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Three physicists share Nobel prize

  • Story Highlights
  • Three scientists, one from U.S., two from Japan, share Nobel Prize for Physics
  • University of Chicago's Yoichiro Nambu wins half share of prize
  • Japan-based Makoto Kobayashi, Toshihide Maskawa win quarter share each
  • Trio recognized for work on "broken symmetry" in subatomic physics
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(CNN) -- An American physicist and two physicists from Japan will share this year's Nobel Prize in Physics, the Nobel Foundation announced Tuesday.

Chicago-based Nambu won a half-share of the Nobel Prize in Physics.

Chicago-based Nambu won a half-share of the Nobel Prize in Physics.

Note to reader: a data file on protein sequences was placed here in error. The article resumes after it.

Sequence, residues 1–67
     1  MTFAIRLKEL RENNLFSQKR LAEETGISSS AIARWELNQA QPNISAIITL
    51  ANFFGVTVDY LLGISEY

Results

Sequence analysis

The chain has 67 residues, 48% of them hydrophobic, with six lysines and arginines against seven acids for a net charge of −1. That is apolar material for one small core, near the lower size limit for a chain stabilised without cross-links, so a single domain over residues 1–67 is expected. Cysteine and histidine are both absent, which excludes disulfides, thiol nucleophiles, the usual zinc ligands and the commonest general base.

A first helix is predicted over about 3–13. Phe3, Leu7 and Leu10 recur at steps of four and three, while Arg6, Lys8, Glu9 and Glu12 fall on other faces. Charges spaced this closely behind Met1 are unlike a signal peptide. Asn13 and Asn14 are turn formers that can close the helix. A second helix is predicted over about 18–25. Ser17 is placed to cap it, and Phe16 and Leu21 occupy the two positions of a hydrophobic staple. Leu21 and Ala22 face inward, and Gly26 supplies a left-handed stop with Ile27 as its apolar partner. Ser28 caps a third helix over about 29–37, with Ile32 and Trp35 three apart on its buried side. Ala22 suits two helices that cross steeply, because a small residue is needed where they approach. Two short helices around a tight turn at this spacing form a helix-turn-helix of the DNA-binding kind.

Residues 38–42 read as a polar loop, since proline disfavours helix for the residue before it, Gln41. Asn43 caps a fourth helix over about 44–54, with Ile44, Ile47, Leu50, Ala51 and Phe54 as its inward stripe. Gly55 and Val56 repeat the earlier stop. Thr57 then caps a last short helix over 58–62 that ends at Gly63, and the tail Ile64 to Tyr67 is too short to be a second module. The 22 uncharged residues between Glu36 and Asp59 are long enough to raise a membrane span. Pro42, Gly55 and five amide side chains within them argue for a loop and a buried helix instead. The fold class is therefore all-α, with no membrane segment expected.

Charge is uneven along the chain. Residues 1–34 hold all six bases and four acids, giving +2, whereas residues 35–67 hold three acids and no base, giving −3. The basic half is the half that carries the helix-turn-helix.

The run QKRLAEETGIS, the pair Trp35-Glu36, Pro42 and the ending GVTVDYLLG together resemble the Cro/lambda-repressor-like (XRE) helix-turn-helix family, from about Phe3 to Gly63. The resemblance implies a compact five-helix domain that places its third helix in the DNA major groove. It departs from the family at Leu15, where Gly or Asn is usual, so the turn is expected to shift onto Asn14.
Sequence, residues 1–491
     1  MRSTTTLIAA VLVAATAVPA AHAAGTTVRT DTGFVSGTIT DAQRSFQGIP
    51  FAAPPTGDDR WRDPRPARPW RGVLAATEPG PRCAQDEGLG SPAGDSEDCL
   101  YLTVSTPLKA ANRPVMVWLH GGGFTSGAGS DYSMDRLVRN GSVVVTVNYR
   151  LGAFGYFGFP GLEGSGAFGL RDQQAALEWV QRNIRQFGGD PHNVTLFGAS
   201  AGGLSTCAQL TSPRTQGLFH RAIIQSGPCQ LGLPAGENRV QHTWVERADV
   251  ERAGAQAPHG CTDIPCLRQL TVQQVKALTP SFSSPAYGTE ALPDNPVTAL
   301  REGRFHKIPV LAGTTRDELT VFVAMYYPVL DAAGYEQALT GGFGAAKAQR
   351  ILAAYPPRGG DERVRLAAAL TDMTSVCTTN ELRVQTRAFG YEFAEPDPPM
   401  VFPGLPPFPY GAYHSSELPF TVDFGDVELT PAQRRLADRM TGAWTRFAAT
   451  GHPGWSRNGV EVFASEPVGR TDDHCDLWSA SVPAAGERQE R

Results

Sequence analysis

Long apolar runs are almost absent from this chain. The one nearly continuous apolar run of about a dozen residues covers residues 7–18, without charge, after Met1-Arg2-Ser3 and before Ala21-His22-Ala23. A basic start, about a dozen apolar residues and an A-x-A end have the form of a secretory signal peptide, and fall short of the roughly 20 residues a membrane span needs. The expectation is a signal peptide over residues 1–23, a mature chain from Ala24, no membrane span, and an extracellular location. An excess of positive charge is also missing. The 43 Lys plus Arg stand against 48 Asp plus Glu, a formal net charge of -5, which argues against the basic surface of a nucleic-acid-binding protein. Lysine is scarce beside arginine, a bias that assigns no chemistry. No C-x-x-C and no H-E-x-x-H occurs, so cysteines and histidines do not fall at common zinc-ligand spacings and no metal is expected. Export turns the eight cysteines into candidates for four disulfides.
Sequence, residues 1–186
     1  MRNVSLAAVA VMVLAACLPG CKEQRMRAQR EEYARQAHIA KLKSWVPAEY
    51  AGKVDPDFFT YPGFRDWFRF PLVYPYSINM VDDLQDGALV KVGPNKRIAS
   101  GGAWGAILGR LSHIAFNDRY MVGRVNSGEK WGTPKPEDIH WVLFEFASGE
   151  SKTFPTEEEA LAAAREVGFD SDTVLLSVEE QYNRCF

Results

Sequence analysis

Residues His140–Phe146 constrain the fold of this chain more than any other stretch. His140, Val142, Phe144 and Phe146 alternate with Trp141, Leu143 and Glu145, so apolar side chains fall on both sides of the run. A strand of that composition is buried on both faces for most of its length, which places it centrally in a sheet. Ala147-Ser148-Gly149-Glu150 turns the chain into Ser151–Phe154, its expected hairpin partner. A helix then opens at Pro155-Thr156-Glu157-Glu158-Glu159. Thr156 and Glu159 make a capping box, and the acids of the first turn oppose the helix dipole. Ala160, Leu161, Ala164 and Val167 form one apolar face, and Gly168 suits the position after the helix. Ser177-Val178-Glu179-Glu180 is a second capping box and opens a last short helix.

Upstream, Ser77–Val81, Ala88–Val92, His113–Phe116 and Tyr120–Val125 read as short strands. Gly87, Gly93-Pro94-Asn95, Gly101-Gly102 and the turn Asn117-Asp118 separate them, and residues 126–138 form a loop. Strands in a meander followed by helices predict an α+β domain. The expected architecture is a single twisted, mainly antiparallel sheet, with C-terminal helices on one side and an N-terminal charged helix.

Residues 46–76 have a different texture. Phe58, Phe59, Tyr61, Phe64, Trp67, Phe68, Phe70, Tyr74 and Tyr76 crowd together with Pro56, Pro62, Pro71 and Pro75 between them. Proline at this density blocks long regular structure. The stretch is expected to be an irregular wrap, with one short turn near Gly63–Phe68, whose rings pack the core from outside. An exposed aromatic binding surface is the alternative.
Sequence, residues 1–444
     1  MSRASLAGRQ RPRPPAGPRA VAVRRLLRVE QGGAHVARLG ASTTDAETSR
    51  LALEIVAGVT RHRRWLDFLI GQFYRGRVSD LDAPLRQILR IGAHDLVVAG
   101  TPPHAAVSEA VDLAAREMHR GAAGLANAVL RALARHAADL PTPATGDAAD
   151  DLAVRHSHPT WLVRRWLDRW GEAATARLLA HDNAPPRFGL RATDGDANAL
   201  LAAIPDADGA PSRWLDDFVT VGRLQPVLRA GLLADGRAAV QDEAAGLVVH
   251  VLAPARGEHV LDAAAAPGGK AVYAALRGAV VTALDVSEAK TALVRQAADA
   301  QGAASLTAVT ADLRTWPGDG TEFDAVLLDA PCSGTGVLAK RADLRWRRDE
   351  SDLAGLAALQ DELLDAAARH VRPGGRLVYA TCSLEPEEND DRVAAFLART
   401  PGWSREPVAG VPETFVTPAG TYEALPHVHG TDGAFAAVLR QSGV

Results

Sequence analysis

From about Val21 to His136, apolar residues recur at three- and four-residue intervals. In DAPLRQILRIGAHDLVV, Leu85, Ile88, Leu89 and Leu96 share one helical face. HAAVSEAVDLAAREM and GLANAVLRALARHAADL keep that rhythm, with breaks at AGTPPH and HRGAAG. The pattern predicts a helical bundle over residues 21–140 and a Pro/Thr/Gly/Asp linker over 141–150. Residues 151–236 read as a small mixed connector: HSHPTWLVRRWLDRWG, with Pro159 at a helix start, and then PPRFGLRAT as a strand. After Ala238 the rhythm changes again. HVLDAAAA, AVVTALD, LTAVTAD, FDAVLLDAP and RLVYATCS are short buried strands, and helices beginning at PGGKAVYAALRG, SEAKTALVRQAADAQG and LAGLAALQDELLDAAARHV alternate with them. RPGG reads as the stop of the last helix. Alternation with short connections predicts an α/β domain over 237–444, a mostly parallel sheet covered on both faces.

Yoichiro Nambu of the University of Chicago will take half the prize for "the discovery of the mechanism of spontaneous broken symmetry in subatomic physics."

Makoto Kobayashi of the High Energy Accelerator Research Organization and Toshihide Maskawa of Kyoto University will each receive a quarter of the prize. They were cited for "the discovery of the origin of the broken symmetry which predicts the existence of at least three families of quarks in nature."

The 514-member Royal Swedish Academy of Sciences selects the Nobel laureates in Physics from a list of candidates prepared by a special committee. Committee members consult expert advisers to select the candidates, who have all been nominated through formal letters.

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